Thursday, June 25, 2009

One from the Archives

Yes, this was written five years. No, I don't think it's particularly well written.

But this review of David Byrne from 2004 when I was working for the Lawrence Journal-World was salvaged from Byrne's Web site just in time to preview his show at the Greek tomorrow night. I'm not exaggerating when I say the show I saw in '04 was in my top 5 of all time.

This will be my first time at the Berkeley monument, and it's a long time coming. Tickets are still available and DeVotchKa is opening. Get on it.

Byrne continues to redefine rock

— Few musicians possess the ability to have Wookie-lookalikes and bespectacled old men in high-water pants dancing side by side in the aisles. David Byrne, though, displays a limitless imagination and unparalleled work ethic that few musicians could even dream of having.

On Wednesday night, the creative force behind Talking Heads tore through a two-hour set at The Uptown Theater in Kansas City, Mo., as if he were Hurricane Ivan. At 52, Byrne parades the same fire he showed in "Stop Making Sense," the Heads' epic concert film.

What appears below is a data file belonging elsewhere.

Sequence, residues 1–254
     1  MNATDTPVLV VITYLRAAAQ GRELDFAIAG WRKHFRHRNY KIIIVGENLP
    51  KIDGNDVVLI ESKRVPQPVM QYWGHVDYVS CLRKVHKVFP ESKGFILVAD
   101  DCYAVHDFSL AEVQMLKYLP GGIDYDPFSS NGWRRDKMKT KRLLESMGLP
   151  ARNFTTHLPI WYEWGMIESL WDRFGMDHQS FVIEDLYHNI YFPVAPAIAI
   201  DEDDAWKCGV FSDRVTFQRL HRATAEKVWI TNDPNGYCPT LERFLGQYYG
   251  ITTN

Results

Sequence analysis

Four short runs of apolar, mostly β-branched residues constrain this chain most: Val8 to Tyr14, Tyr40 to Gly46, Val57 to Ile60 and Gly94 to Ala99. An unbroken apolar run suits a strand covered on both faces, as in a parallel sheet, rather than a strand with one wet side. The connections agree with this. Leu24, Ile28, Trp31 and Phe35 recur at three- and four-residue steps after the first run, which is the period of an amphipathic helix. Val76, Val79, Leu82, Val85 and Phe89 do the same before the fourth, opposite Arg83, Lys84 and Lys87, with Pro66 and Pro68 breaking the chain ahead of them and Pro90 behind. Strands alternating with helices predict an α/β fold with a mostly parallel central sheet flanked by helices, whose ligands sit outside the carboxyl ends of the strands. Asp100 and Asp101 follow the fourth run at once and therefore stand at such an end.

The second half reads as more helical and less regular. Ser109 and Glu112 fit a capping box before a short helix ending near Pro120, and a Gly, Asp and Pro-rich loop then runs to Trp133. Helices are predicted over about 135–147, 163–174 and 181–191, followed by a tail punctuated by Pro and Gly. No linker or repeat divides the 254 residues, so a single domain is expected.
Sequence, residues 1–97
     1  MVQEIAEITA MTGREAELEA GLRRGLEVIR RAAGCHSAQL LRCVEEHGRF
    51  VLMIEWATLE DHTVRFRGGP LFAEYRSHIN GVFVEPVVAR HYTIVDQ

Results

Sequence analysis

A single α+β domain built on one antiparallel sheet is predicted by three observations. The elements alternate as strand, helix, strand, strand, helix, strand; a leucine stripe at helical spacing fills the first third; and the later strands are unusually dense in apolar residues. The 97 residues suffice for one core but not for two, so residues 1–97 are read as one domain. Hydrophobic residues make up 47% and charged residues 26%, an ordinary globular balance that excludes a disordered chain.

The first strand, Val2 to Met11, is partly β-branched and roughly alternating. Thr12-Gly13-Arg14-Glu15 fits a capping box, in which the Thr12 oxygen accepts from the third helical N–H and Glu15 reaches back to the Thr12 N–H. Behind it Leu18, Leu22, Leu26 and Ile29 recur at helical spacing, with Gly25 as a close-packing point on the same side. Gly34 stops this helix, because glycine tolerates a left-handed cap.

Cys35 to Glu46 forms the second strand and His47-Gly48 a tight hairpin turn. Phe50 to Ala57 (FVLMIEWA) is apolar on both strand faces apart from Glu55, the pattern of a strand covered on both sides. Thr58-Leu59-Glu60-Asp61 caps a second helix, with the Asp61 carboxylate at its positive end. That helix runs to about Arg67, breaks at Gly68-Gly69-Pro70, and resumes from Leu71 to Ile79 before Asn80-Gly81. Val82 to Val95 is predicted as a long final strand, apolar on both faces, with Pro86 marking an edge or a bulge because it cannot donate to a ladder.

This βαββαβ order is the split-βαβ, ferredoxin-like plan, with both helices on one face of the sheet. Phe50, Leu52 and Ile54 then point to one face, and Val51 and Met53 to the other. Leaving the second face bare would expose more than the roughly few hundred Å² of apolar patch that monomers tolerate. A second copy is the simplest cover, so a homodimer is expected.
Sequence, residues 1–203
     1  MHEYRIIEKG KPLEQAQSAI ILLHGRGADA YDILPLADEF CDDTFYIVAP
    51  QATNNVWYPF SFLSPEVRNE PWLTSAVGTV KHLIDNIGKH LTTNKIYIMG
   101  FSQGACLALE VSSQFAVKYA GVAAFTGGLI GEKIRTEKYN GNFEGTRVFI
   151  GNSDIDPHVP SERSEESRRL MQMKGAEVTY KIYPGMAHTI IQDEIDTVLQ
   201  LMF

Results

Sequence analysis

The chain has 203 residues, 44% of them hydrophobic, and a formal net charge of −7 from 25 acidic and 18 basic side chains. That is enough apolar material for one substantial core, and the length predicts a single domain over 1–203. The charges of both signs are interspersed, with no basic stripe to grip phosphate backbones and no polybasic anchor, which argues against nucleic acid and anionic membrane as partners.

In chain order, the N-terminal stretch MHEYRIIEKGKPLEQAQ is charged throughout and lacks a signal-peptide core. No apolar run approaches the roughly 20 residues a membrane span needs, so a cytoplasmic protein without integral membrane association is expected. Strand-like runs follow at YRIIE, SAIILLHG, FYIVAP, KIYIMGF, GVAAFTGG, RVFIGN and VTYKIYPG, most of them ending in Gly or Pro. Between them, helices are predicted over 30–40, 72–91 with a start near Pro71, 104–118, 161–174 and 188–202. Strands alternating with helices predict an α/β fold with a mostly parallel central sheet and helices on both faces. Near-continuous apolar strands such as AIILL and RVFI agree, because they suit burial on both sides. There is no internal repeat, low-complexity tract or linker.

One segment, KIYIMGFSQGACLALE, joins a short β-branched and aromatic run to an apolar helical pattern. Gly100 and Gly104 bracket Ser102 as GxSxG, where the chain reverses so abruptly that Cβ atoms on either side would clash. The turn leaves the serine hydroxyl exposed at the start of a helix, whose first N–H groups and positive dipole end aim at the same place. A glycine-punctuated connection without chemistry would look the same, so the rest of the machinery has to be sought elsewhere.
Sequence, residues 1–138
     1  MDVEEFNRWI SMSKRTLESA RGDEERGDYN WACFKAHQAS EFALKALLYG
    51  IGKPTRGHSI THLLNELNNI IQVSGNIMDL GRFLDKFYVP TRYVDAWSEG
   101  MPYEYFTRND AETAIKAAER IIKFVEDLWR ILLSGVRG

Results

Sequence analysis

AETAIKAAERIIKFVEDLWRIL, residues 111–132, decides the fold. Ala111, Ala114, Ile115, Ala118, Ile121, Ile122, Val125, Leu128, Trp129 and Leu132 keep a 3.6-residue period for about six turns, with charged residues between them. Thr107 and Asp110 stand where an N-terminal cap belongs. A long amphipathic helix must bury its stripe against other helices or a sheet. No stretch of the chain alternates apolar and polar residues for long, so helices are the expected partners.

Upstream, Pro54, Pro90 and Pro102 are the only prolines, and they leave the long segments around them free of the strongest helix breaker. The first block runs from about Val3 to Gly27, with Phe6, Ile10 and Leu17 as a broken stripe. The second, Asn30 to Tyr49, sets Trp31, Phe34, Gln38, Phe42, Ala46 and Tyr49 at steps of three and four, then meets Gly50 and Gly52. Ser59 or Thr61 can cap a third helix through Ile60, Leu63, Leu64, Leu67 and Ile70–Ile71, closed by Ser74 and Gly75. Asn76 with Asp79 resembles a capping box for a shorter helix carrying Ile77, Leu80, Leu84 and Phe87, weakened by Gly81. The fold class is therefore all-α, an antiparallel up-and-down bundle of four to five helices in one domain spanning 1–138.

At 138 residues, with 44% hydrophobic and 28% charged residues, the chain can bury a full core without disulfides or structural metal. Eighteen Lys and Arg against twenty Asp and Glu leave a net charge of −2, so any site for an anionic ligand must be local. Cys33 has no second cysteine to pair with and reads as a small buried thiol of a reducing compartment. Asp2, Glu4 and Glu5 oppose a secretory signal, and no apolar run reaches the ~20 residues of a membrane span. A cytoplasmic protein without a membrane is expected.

The skinny, silver-haired Scot treated the crowd to classics like "NaÃive Melody," "Psycho Killer" and "Life During Wartime." Dressed in a brown uniform that matched his fellow band members', he jumped, ran in place and spastically danced his way all over the stage. When he picked up his guitar or microphone, he showed no signs of aging after almost 30 years of touring. However, if his energy and the purity of his voice have not changed, the sound of Byrne's new material was a far cry from his rock music of the late '70s and early '80s.

Accompanied by a three-piece rhythm section and The Tosca Strings, a six-piece band from Austin, Texas, Byrne showcased cuts from his new album, "Grown Backwards." The record favors a mature sound, with influences from samba to classical to opera. Of the concert's 21 percussion-and-string-laden songs, five were new and four were off 2001's "Look into the Eyeball." He included a cover of "One Rainy Wish" by Jimi Hendrix, which substituted heavy strings for electric guitar.

The show had more variety than Liberace's closet.

The enthusiastic crowd seemed almost as appreciative to hear the new material as the Heads tunes. Byrne received extended standing ovations whenever he wasn't talking or playing. After each, the consummate New Yorker smiled and looked at his band as if he were pleasantly surprised by the passionate Midwestern crowd.

The hyper-busy artist rarely finds time to stop through the central U.S. He tends to tour internationally and splits his time with some of his other hobbies: exhibiting his artwork in museums, directing documentaries, composing musical scores and recording a track for an album to benefit the MoveOn PAC.

The way Byrne is going now, he could tour until he's hooked up to an oxygen tank. He'll probably be back soon with another album that redefines what we think of as rock 'n' roll.

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